Through Brunei Vision 2035, the country aims to transform into a nation widely recognised for the accomplishments of its well-educated and highly-skilled people as measured by the highest international standards. The nation aims to achieve a quality of life and per capita income within the top 10 countries with a dynamic and sustainable economy.
Brunei Darussalam introduced the Competition Order 2015 to achieve this vision, particularly in terms of economic growth. The order aims to foster healthy competition in the market by prohibiting acts and factors that may disrupt the market competition.
There are three key prohibitions under the order: anti-competitive agreements, abuse of dominant position and anticompetitive mergers.
The first key prohibition covers four illegal conducts: price fixing, market sharing, supply control and bid rigging. The Competition Commission of Brunei Darussalam (CCBD) began enforcing the first key prohibition on January 1, 2020 and launched its official website at www.ccbd.gov.bn. The two remaining key prohibitions will be enforced at a later stage.
Enforcing healthy competition among businesses will benefit consumers through several ways such as an increased number of choices, improved product quality, and affordable prices. In return, this will boost the local economy in the long run. In terms of consumer protection, Brunei previously introduced the Consumer Protection (Fair Trading) Order 2011 which commenced in January 2012. The order protects consumers against unfair practices such as false claims and hidden charges, complementing the Competition Order 2015.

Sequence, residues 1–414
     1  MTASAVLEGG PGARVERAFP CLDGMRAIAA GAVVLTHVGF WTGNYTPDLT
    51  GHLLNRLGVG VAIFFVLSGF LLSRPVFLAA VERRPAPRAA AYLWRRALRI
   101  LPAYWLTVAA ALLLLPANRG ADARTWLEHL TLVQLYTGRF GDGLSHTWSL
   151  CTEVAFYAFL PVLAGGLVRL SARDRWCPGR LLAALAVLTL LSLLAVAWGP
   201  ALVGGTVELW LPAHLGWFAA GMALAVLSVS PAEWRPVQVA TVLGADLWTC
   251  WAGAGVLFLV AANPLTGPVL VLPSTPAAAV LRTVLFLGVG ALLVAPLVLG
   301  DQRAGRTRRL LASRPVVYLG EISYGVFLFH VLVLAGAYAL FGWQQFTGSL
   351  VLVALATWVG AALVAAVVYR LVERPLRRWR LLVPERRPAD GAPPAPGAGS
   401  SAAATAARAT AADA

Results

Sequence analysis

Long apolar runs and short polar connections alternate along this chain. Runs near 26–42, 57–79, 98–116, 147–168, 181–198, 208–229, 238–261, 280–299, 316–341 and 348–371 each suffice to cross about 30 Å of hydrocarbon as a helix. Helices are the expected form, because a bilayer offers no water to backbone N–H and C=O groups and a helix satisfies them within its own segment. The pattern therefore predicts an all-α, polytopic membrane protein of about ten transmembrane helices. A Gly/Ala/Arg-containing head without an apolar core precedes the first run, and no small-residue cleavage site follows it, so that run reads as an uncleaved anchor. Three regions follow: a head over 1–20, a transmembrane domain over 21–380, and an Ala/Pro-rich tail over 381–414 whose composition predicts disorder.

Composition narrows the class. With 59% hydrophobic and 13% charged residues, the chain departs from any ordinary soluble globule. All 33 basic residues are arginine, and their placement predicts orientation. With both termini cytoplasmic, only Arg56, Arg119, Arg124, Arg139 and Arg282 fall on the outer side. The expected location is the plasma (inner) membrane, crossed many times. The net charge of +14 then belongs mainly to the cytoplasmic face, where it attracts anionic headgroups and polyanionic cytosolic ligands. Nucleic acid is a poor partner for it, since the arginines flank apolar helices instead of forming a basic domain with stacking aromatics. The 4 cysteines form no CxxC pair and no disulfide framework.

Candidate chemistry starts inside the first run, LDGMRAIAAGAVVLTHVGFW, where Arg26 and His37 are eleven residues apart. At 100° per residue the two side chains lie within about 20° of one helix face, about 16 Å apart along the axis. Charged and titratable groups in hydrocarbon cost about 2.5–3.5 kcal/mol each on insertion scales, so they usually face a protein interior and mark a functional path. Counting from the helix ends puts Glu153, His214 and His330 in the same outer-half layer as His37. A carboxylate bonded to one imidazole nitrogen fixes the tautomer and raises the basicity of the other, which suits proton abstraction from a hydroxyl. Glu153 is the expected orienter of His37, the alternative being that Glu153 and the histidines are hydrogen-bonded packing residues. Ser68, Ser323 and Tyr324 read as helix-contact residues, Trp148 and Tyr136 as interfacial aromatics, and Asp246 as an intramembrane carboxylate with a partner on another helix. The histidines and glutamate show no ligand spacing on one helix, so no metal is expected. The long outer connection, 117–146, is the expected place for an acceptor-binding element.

The International Monetary Fund (IMF) in October last year forecast the Sultanate’s gross domestic product (GDP) growth at 1.2 per cent for 2022, 3.3 per cent in 2023 and 3.2 per cent in 2024.
According to IMF’s Regional Economic Outlook: Asia and the Pacific October 2022: Sailing into Headwinds, higher fuel prices bring benefits to commodity exporters such as Brunei Darussalam as it has provided a windfall from higher export, revenue and bolstered private consumption.
Meanwhile, the ASEAN+3 Macroeconomic Research Office (AMRO) in its October Economic Outlook last year forecast Brunei Darussalam’s economic growth for 2022 to be 0.7 per cent, revised downwards from its three per cent forecast in July last year.
For 2023’s GDP growth, the AMRO revised its forecast for Brunei’s growth from 3.9 per cent as projected in July to three per cent in its October update.
In addition, the Asian Development Bank (ADB) in its updated 2022 economic outlook said that Brunei Darussalam’s economic growth forecast this year is 3.6 per cent, which was unchanged from their earlier projection in April 2022 on the assumption that crude oil prices will remain elevated in the medium term.
It also reported that growth in 2023 will be supported by second phase construction phase of Hengyi Industries Sdn Bhd’s oil refinery and petrochemical project.
Also notable was that Brunei scored high with 83 per cent in the environmental, social and governance (ESG) category of the M&A Attractiveness Index 2021, which was released in August last year. The report ranks countries on their capacity to attract and sustain mergers and acquisitions activity based on six factor groups.
On finance and economy, the Sultanate almost reached a score of 50 per cent and ranked 72nd out of 148 countries, while it ranked seventh in the Southeast Asian region with an overall score of 47 per cent.
In the United Nations Development Programme’s (UNDP) 2021/2022 Human Development Index (HDI), which measures three human development criteria – health, knowledge and standard or living – Brunei Darussalam was ranked 51st out of 191 countries.
The Sultanate received a 0.829 score on the index with an average life expectancy of 74.6 years and 14 years of expected schooling. It is also categorised under the ‘very high’ development group, in which a nation must receive a score of 0.8 or higher to qualify.
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